- Mr A Brown - Curriculum Leader - Humanities
- Mrs V Carnell - Assistant Curriculum Leader- Humanities
- Miss K Weiss - Teacher of History
- Mr D Rooney - Teacher of History
- Mrs Ganderton-Burns - Teacher of History and Curriculum Team Leaders RS
"A generation which ignores history has no past and no future."
Robert A. Heinlein
The History department’s intention is to deliver a stimulating, broad, ambitious and balanced curriculum, rich in skills and knowledge, which immerses students in a range of cultures and engenders an enquiring and critical outlook on the world. History is a subject that forms the bedrock of our understanding of the culture in which we live as well as the wider world around us. The content covered gives students the opportunity to explore issues at a local, national and international level from Iron Age Britain to the Medieval era and through to the Twentieth Century. This range offers the opportunity to explore different peoples’ perspectives on issues and events and think critically about the world in which they live. Our curriculum is carefully sequenced to give students a broad understanding of the chronological development of British History, as well as being able to make links to other societies, cultures and world events.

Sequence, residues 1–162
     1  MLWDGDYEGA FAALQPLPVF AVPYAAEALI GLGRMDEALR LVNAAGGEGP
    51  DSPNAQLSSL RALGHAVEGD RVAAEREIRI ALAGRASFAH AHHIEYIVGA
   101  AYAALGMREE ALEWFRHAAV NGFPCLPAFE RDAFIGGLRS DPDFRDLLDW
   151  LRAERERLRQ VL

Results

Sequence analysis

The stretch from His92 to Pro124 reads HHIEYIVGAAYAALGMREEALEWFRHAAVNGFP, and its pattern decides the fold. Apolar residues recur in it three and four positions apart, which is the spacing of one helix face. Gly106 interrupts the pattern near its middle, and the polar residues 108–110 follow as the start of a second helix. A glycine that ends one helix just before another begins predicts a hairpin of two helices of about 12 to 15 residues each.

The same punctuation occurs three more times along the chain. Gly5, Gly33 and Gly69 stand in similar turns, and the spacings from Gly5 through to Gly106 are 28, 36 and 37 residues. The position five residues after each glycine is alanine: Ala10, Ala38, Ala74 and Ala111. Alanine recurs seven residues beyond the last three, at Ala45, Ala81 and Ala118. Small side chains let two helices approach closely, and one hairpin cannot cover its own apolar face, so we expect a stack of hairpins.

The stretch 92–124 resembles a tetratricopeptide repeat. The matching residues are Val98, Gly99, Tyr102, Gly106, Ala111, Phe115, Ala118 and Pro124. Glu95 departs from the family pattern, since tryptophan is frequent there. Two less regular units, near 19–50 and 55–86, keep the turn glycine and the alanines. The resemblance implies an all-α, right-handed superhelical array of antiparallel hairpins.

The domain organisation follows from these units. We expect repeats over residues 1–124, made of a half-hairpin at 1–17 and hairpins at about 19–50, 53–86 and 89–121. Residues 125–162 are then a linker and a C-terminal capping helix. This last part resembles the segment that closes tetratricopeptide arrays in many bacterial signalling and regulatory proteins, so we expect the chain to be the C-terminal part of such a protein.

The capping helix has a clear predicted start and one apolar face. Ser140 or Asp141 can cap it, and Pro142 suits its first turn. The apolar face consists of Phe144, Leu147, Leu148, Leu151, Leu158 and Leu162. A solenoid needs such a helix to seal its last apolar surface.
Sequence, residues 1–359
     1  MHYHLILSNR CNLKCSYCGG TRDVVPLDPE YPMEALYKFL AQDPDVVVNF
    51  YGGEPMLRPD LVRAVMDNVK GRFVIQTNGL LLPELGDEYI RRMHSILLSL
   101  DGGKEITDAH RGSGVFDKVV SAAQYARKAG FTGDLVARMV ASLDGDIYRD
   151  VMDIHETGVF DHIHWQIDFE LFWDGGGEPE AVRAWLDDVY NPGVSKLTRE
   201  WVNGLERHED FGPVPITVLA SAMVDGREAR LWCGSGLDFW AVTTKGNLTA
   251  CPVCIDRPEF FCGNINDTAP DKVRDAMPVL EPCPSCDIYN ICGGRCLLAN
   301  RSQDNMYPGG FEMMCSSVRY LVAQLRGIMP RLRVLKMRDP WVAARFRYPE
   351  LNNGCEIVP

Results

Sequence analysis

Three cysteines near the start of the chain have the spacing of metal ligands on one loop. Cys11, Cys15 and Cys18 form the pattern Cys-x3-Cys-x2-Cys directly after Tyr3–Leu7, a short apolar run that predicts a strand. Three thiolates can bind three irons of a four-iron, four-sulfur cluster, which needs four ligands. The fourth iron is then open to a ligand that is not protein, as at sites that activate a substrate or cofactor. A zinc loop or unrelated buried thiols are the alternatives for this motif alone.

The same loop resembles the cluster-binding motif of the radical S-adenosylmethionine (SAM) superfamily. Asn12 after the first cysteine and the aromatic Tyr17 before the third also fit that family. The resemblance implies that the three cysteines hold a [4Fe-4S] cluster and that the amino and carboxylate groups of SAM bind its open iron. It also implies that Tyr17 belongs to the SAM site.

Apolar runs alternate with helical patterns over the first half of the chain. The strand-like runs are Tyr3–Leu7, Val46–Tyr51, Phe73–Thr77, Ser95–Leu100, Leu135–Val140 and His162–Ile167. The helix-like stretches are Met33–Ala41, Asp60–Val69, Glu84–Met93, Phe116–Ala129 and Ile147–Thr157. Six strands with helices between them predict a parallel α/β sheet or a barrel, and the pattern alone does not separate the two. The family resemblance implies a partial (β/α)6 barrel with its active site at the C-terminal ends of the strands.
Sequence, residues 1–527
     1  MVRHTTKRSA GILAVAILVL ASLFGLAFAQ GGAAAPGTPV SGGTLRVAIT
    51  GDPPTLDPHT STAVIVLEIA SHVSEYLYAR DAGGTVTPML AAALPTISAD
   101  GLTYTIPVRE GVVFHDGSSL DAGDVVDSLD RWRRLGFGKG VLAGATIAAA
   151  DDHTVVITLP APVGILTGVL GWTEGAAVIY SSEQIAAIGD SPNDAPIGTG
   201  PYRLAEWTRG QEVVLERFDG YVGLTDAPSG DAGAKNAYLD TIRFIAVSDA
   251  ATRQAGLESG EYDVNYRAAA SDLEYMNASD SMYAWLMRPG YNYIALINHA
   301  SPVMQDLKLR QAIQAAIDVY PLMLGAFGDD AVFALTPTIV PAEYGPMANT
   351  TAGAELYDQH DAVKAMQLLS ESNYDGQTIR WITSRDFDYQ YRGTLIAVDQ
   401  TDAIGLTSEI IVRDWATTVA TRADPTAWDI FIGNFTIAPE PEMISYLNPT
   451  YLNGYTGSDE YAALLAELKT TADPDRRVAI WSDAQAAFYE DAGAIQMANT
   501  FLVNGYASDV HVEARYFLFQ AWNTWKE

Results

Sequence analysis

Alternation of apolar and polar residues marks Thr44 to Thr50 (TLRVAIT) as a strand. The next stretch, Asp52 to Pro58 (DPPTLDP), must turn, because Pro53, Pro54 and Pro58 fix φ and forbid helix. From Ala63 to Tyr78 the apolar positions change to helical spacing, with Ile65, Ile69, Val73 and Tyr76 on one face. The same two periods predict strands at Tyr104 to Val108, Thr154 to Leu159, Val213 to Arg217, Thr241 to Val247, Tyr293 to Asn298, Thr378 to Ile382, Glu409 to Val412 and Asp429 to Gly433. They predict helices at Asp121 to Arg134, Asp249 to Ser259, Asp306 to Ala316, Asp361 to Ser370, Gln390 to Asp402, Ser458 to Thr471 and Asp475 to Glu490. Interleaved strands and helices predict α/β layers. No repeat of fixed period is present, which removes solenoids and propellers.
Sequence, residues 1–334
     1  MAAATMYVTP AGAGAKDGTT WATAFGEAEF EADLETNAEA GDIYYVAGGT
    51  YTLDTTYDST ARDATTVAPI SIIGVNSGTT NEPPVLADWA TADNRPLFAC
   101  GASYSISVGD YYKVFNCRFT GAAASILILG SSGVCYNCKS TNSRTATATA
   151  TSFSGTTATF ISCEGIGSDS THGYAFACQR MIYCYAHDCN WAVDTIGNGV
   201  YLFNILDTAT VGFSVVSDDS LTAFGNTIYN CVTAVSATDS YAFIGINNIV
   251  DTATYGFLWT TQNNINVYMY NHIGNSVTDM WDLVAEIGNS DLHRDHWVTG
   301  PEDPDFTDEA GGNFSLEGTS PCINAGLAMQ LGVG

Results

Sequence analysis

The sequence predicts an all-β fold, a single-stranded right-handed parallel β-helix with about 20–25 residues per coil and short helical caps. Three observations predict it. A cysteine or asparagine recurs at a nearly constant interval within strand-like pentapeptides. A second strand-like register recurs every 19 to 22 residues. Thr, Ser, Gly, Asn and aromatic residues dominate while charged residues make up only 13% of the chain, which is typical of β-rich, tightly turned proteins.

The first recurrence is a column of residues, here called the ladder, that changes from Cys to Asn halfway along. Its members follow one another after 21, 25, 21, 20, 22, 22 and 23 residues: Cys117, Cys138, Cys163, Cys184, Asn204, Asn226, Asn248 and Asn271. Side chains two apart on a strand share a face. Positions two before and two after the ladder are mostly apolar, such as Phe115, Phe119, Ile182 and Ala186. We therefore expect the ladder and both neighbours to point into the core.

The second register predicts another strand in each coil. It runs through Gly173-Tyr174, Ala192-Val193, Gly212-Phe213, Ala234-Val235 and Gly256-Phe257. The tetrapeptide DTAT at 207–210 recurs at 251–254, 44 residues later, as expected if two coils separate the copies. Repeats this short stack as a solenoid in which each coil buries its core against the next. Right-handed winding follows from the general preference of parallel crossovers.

Understanding key concepts within History, such as significance and causation and consequence, unlocks the door for students to be able to ask leading questions, analyse information and convey their views in a methodical and structured way. These skills are honed and developed progressively through the curriculum to create historians confident in communicating their views, both in writing and orally. Each topic is framed around a challenging historical question, which is linked to a key historical concept. Lessons mirror this, with key questions forming the basis for each lesson enquiry. This will ensure students access and apply high-level vocabulary with increasing rigour over their time in History classrooms and develop their literacy skills. To conclude, the History curriculum, immerses students in a range of cultures and engenders an enquiring and critical outlook on the world, with skills that can be applied in other subjects and in their future endeavours.